The internet has long been a place to fiercely debate whether or not children should wear makeup. This weekend, armchair parenting experts were spoon-fed another potentially controversial question: How do we feel about kids getting facials?
It began, as these things often do, on Instagram Stories, where Victoria Beckham showed her 7-year-old daughter Harper getting a facial from Dr. Barbara Sturm. The Dusseldorf, Germany-based aesthetics doctor is well-known for her celebrity clientele, who include Kim Kardashian and Bar Refaeli.
“We MUST use CLEAN products on our children!” Beckham captioned the snap. (One hopes those standards apply to adult patients, too.)
The whole shebang seemed fairly innocuous, and yes, pretty sterile. The young Beckham wore a pristine hairnet, and was covered with (“CLEAN”) white towels.
Dr. Sturm, who earned fame slathering clients in their own blood per her bespoke “vampire facials,” took a much gentler approach to Harper’s appointment. In the video, she gently padded the child’s face with a cloth. There were no needles or lasers in sight. It was the equivalent of giving a child sparkling cider on New Year’s Eve so she can toast with the adults.
And it’s not all that uncommon. Spas and salons across the country have opened their doors to a new generation of clients.
Should Harper ever visit Long Island, she can ask her mother for $25 to spend on a 15-minute “Chocolate Facial” at the baking-themed Seriously Sweet Salon & Spa.
Nashville’s Giggles & Glam Salon offers a similar service, and if Harper brought three friends to Napa Valley’s Mais Oui Massage & Mobile DaySpa, they could all indulge in a $375 “Party Package” that includes a chocolate facial.
Macy's sells a Quarto All-Natural Spa Lab ($30), which includes all the ingredients and hardware an amateur skincare mixologist needs to whip up “fruit-based face masks, fairy glitter gels, and more!” As a slight afterthought, the product description assures parents that this set is “STEM-focused” that allows young girls to “cover science and beauty.”
Numerous mommy blogs contain recipes for often-edible facial masks made out of applesauce, coconut, olive oil, and bananas. One post on the site eHow asks the question, “What Things Are Necessary at an 11-Year-Old Girl’s Spa Party?” One requisite is—you guessed it—a facial mask made of prepared oatmeal, milk, and honey “combined into a smooth paste-consistency.”
But what, if anything, will all this pampering do to an already-poreless young child? Not much, experts say.
“A child's skin has more collagen and elastin than an adult's does, which makes it plumper,” Dr. Alan J. Parks, a Columbus, Ohio-based dermatologist, told The Daily Beast. Since the under-10 set already has soft skin, they do not require the smoothing treatments their mothers might shell out for. Baby skin is also much thinner than that of a parent, which makes it a lot more sensitive.
But once a child discovers their first pimple, things start to change. “I usually do not recommend facials for patients until they start to develop acne,” said Dr. Joshua Zeichner, cosmetic & clinical research dermatologist at Mount Sinai Hospital in New York.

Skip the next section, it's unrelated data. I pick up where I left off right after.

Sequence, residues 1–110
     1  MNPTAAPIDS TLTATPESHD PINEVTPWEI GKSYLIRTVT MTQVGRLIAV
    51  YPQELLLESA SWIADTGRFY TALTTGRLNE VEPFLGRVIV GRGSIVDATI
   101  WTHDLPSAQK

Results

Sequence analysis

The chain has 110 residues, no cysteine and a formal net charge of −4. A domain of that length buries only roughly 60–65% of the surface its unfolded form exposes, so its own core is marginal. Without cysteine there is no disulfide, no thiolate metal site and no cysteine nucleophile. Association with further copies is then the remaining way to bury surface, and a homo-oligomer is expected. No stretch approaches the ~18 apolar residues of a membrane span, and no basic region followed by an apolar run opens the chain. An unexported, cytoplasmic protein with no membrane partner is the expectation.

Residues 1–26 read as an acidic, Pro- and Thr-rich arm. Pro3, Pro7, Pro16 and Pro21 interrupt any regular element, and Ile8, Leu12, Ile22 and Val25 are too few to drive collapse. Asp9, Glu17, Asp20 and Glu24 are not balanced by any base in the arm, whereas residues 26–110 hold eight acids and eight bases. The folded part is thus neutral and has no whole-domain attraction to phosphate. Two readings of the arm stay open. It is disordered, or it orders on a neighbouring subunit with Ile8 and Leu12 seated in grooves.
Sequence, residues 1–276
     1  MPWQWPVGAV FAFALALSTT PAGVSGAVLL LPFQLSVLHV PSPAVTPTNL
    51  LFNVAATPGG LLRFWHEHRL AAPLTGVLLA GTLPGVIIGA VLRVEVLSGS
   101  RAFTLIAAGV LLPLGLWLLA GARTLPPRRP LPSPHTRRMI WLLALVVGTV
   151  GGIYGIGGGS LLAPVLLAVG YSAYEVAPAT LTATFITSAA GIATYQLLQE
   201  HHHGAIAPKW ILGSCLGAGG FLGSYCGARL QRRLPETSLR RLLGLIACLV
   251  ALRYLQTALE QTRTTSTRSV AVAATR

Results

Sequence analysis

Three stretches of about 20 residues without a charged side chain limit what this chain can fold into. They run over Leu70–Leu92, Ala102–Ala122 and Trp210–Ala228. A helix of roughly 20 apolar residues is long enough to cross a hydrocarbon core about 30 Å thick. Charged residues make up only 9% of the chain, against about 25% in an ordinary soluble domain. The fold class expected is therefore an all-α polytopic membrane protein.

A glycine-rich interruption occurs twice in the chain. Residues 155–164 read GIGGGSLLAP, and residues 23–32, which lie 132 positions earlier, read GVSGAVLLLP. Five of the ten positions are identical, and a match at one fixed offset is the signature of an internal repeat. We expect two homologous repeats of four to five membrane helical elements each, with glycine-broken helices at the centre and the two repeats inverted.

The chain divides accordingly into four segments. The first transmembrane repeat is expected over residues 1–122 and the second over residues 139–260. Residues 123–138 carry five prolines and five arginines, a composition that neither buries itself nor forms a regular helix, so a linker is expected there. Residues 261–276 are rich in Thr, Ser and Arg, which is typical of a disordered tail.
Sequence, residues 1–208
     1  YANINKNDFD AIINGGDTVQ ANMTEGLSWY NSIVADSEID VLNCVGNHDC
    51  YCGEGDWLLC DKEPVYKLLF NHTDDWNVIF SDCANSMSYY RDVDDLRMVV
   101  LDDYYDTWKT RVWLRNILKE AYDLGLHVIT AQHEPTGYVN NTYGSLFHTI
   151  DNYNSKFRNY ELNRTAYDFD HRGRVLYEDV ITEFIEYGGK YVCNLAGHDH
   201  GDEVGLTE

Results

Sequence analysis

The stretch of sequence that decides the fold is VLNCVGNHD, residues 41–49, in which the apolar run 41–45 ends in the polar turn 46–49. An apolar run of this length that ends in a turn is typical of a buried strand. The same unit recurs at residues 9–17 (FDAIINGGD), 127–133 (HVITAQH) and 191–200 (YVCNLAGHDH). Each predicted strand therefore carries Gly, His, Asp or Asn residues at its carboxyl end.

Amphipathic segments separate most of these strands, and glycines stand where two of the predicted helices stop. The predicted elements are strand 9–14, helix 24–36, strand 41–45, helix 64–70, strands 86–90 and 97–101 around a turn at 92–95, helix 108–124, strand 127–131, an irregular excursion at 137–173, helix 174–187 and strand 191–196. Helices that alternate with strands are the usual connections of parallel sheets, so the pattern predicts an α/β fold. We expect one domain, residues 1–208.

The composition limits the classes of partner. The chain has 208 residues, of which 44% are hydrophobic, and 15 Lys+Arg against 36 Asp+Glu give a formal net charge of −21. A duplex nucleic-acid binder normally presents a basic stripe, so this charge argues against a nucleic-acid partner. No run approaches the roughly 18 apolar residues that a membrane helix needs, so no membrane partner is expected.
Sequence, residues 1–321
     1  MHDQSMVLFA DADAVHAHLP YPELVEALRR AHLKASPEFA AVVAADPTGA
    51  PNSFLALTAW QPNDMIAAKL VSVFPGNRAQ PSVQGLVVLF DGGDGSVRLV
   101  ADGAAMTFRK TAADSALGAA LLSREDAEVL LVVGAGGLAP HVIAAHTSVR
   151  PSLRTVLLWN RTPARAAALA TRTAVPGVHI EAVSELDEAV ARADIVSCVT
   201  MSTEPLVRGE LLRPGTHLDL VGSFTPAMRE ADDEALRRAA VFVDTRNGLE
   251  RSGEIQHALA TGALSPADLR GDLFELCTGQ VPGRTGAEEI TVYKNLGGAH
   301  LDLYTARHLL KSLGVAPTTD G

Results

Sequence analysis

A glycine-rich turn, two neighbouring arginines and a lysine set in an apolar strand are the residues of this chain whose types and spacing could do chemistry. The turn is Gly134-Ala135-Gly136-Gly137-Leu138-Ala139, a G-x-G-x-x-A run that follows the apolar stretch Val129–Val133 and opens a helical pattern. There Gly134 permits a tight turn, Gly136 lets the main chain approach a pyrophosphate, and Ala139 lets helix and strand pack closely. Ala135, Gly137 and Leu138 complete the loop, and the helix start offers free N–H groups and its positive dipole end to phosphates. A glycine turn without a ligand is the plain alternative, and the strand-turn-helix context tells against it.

However, as Dr. Zeichner went on to note, “the first person” a teen with acne should see is a dermatologist, not an esthetician.
That is a sentiment Dr. Michele Farber of Schweiger Dermatology Group in New York agrees with: “When in the right hands, facials can also be very helpful to unclog pores and accelerate healing of lesions—just be careful of who is performing your facial, as any aggressive extractions can lead to scarring.”
Other skin treatments a woman should have a valid ID before trying? Best to save microdermabrasion, a procedure that gently sands off layers of skin, and chemical peels until after one's 21st birthday.
All of the doctors agreed that getting a one-off facial as a treat (especially from a world-renowned skin expert, as in Harper's case) will not cause any harm. However, parents should be sure the child wants one in the first place.
“Even if a facial seems like a small procedure, it's important to make sure that the child, not only the parent, wants it done,” Dr. Farber said. “While it makes people happier to have clear skin, children are much more susceptible to feel self-conscious depending on the approach taken to get there.”
Angela Jia Kim founded Savor Beauty, a New York and Hudson Valley-based spa. While Kim primarily treats adults, she will give teens (and “only teens”) a facial, usually with adult supervision.
The goal is not necessarily to fix any problem, but rather encourage young girls to take care of their skin. “Teens won't necessarily listen to what their moms tell them to do, but they will listen to an esthetician who tells them to protect their skin under the sun, not pick at pimples, and to wash their faces every single night to keep the blemishes at bay,” Kim said.
In conclusion: #KidFacials will not doom the next generation, and we don't always listen to our mothers—even if the mother in question happens to be a woman formerly known as Posh Spice.